The one deal that Purslow appears primarily responsible for is the sale of Javier Mascherano to Barcelona for around £20m, at least to hear Mascherano tell it.
If you look at Chelsea's transfer business during that timespan, it's better, but not by much (buying Daniel Sturridge and Ramires are the highlights, plus Yossi Benayoun, Yuri Zhirkov, Tomas Kalas, and the first go-round with Nemanja Matic).
Seriously. I couldn't believe it either. For whatever reason, some Liverpool supporters simply didn't like the idea of a Cambridge and Harvard-educated private equity guy running the club (full disclosure: a Cambridgian or whatever they call themselves runs WAGNH).
Purslow was part of a triumvirate on the board with Ian Ayre and Martin Broughton who forced the sale of the club to John Henry and FSG (then called NESV) and defended themselves against a lawsuit by Tom Hicks and George Gillett who unsuccessfully tried to reverse course and block the sale at the last minute. Ayre is still at Liverpool and Broughton appears to be thought of quite highly (Broughton, coincidentally, is a lifelong Chelsea supporter).
All three are wildly successful businessman, but Broughton and Ayre took a much different path to success than Purslow. Broughton started working at an accounting firm at age eighteen and Ayre quit school at sixteen to join the Navy, while Purslow attended two of the best schools in the world.
For those of us who recognise that football clubs are businesses, Purslow's experience should be considered a positive, rather than a negative, as financial success greatly increases the chances of football success (briefly, increased revenues leads to increased spending, increased spending leads to better talent, and better talent leads to better chances at winning trophies).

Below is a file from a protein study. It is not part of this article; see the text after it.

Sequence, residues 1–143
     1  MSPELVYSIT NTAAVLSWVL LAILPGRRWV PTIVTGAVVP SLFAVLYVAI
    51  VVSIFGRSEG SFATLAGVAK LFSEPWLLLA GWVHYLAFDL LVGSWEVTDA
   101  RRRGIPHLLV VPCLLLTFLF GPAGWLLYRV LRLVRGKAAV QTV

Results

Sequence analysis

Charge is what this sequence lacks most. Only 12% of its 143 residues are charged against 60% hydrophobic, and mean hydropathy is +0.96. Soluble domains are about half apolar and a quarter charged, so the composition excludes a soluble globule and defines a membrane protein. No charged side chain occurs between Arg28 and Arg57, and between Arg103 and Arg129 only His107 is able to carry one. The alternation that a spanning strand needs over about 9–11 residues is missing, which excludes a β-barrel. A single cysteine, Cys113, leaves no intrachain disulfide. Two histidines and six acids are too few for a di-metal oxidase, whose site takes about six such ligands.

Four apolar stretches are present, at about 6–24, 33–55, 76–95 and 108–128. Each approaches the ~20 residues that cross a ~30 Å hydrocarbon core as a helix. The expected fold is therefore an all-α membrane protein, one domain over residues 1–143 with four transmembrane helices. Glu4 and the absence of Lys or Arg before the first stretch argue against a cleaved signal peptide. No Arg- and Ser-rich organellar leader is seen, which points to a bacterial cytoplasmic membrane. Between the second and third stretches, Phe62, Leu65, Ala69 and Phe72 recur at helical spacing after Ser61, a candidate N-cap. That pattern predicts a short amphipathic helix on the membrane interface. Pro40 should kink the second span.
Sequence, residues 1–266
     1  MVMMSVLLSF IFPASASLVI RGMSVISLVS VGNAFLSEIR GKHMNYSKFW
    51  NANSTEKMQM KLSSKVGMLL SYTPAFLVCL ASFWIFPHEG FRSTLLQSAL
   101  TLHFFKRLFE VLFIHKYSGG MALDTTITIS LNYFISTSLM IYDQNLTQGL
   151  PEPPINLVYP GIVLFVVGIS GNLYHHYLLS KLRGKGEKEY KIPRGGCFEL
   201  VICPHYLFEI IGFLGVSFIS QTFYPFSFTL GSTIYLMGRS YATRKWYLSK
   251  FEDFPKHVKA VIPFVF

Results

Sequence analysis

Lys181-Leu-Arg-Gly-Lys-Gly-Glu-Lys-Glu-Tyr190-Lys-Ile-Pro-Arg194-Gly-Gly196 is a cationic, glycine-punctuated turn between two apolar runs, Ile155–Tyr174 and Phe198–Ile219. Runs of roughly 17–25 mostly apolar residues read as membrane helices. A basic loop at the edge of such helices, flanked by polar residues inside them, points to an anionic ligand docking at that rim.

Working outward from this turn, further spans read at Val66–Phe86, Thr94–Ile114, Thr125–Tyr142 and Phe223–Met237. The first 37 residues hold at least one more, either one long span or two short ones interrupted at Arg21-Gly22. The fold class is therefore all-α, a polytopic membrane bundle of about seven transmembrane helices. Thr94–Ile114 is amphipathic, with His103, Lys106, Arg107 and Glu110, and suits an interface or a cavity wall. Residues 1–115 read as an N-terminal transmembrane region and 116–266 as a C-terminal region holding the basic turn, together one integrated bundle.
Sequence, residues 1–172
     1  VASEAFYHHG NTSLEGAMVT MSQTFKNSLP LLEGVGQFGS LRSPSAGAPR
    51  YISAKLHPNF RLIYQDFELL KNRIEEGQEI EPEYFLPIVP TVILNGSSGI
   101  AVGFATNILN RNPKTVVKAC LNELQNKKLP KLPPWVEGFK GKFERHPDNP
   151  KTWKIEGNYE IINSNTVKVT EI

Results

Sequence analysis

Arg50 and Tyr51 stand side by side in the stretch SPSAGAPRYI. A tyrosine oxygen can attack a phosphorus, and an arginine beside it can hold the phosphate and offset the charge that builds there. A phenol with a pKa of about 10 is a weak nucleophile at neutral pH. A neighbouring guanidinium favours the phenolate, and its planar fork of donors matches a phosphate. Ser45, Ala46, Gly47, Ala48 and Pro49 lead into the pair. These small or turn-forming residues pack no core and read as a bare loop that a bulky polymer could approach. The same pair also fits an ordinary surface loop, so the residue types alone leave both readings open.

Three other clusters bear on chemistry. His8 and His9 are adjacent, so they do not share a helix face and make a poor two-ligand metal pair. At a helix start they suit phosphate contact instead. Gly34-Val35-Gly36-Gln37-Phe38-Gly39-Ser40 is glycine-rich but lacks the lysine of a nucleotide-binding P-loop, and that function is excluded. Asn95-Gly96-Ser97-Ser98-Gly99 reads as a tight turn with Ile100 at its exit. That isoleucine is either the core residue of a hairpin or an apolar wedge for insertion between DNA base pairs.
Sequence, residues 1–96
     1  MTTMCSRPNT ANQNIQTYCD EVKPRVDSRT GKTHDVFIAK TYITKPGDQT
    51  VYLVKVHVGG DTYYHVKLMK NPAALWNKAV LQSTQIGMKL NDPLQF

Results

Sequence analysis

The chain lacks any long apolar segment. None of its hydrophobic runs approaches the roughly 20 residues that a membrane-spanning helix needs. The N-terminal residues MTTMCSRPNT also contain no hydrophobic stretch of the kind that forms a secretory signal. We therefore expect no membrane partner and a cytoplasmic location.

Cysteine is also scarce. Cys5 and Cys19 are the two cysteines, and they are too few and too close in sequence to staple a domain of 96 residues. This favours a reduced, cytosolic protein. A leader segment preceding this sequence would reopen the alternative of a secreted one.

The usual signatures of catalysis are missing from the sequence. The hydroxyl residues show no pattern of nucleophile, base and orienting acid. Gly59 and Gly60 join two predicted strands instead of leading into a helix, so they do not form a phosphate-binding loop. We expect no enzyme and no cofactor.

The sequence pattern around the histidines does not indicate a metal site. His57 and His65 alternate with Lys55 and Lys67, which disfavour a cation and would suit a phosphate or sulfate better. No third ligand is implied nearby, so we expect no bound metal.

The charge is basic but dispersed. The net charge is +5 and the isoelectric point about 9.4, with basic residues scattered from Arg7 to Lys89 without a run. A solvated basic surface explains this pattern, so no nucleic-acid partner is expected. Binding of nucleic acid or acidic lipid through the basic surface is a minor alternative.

Any perceived lack of football knowledge on Purslow's part is not an issue and completely irrelevant, since there's no reason for Purslow to make a football-related decision at Chelsea and it's not part of his job description. Marina Granovskaia has been in charge of transfer and contract negotiations for years, and Michael Emenalo heads the club's vaunted global scouting network. With Jose Mourinho, Steve Holland, Piet de Visser, Eddie Newton, Dermot Drummy, and Co., there's no shortage of brilliant football and scouting minds at Stamford Bridge to weigh in on football matters.
While it's unlikely that Purslow will be called upon to engage in football-related matters, he does possess a keen understanding of the competing dynamics involved in transfer deals, and an op-ed he wrote for the Telegraph three years ago provides some excellent insights into the unique nature of the January window, and still remains relevant today.
In his own words
Purslow spoke to his prep school alma mater earlier this year about the challenges he faced as Liverpool's managing director:
The main challenge was that the club had been bought by two American businessmen with a huge amount of borrowed money, and the club’s income was to be used to pay the interest on that borrowing, which didn’t leave very much for running a top competitive football club. So I was brought in to more or less take away the credit card that the owners had bandied around and which had put the club into a hugely risky financial position.